June 2nd: One of the Most Iconic Days in Baseball History

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Lou Gehrig Dies June 2nd
New York Yankees Lou Gehrig sitting on dugout step. Lefty Gomez with him on step, 1939

Baseball has always been America’s pastime and since baseball has been around since 1839 on everyday there is bound to have tragedy and triumph on and off the diamond. June 2nd might be one of the most important days in baseball history and here is why.

  1. 1935, “The Bambino” calls it a career: One of the greatest players to ever play the game, Babe Ruth, retires after 22 seasons in the MLB. Hitting a career .342 average, 714 home runs, 2,213 runs batted in, and also collecting 2,873 hits in an outstanding career. Also pitching was another strength for Ruth with a career record of 94-36 record with a 2.28 ERA. Babe Ruth later died on August, 16 1948, but his legend still is alive.

2. 1941, “Iron Horse” passes away: The Yankees dominated in the 30’s and 40’s, but they had to face a difficult time learning that one of their legends pasted away in his home due to ALS. Lou Gehrig is a name that every generation will remember because of the Yankees or his play on the field, Lou Gehrig is one of the most iconic players in baseball history. Gehrig played 17 seasons all with the Yankees, and posted numbers like a career average of .340, 493 home runs, and 1,508 RBIs. Lou Gehrig will always be remembered as an outstanding player and the Iron Horse.




3. 1951, Mike Romello hits umpire: This might not be one of the most important events on June 2nd, but it is something to think about. During a AAA game between the Durham Bulls and the Danville Braves a shortstop, Mike Romello, for Danville got a little heated while he was called out for leaving early at third base tagging up from a popup. The umpire, Emil Davidzuk, got in a argument with Romello, and it escalated to Romello punching him in the face injuring Davidzuk. Now the interesting part, a judge was present at the game and arrested the shortstop right on the spot. Later Romello was put upon the judge in court was fine $25 dollars for the assault, yes $25 dollars. Now imagine players doing that to umpires now, oh how the times have changed.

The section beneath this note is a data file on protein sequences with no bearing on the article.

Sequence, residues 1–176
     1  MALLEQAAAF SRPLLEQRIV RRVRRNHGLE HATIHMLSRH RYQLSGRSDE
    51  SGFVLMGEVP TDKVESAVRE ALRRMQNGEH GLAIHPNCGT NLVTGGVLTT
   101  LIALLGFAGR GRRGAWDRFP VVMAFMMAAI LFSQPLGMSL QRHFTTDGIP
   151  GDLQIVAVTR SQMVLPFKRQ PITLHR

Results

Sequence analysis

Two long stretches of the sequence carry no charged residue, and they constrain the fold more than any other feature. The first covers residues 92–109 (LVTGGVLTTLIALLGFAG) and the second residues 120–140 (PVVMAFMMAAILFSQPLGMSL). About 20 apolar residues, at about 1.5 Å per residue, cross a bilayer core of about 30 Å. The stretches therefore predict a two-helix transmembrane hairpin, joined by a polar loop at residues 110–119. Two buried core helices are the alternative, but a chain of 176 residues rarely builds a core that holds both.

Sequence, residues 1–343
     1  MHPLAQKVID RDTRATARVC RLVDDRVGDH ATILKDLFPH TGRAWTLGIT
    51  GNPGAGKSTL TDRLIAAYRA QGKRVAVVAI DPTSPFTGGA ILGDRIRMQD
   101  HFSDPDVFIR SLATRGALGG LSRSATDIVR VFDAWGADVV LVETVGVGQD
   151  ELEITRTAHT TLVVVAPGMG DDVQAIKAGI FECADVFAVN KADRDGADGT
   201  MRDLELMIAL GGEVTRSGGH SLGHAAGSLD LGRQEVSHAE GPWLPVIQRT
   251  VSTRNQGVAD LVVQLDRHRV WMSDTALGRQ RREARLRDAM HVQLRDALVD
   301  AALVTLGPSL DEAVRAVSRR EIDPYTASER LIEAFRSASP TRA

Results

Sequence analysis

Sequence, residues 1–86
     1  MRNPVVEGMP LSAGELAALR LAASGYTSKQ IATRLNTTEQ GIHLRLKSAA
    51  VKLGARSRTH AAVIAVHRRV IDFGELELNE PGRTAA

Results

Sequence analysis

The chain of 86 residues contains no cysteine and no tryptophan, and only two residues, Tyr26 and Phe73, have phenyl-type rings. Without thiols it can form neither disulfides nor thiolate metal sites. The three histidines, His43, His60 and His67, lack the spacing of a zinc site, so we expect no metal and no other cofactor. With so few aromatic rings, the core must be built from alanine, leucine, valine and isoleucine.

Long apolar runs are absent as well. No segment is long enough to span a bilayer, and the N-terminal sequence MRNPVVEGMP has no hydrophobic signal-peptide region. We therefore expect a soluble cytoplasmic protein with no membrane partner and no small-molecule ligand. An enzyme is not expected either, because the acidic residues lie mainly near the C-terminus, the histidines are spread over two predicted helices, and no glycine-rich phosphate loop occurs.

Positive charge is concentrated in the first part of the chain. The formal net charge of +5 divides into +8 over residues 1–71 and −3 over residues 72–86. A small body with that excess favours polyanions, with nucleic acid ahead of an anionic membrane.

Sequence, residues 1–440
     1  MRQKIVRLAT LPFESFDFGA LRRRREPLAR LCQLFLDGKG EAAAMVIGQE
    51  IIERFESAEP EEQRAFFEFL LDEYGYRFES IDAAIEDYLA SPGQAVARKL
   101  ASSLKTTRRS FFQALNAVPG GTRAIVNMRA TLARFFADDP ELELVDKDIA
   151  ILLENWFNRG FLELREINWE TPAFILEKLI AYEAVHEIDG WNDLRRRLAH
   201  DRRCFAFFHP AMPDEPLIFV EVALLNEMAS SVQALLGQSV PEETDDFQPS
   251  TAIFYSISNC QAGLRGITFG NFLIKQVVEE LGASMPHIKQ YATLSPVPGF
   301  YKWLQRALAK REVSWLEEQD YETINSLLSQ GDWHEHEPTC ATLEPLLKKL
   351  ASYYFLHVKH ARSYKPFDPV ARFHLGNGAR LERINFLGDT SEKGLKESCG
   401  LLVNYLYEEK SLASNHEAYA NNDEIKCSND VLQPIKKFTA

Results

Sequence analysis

4. 1957, Moe needs to learn control: Now this record may have been broken now, but at this time this was a big deal. A Cubs pitcher named Moe Drabowsky breaks the record for most hit batters in a game “four” in the Cubs 4-3 loss to the Reds.

5. 1987, The Kid starts the journey: Seattle Mariners had the first pick in the ’87 draft, and they decided to draft a kid from Moeller High School in Cincinnati, Ohio, and boy did it pay off. Ken Griffey started his future HOF career smoking 16 HRs and 61 RBIs to be the 89′ AL Rookie of the Year.

6. 1990, Randy Johnson no-no: The Big Unit throws the first no-hitter in Seattle Mariners history, beating the Tigers 2-0. He struck out 8, and walked 6.

7. 2010, Griffey says goodbye: Ken Griffey Jr., “The Kid”, “Junior”, calls it a career. The now Hall of Famer ends it 5th on the all-time career home run list. Capping off an amazing career, he was inducted into the Hall of Fame in 2016 with record 437/440 ballots to get into the prestige Cooperstown.

8. 2010, Jim Joyce ruins perfection for Galarraga: One sunny day in Detroit, Michigan… Armando Galarraga takes the mound against the Cleveland Indians. In the ninth inning after setting down 26 Indians batters, Galarraga is 1 out away from a perfect game. It is a 1-1 count to the Indians batter Jason Donald. Donald hits a ground ball to the right of Miguel Cabrera, not a hard ground ball, but Miguel had to move to get to it. Cabrera throws to Galarraga covering first base, and what seems to be a perfect game the fans start cheering, but the first base ump Jim Joyce calls him safe, and a rain of boos start from all over. It was not like this play was close here have a look:

Everyone was stunned that the umpire made that call. He would later win the game, and Jim Joyce had some words after the game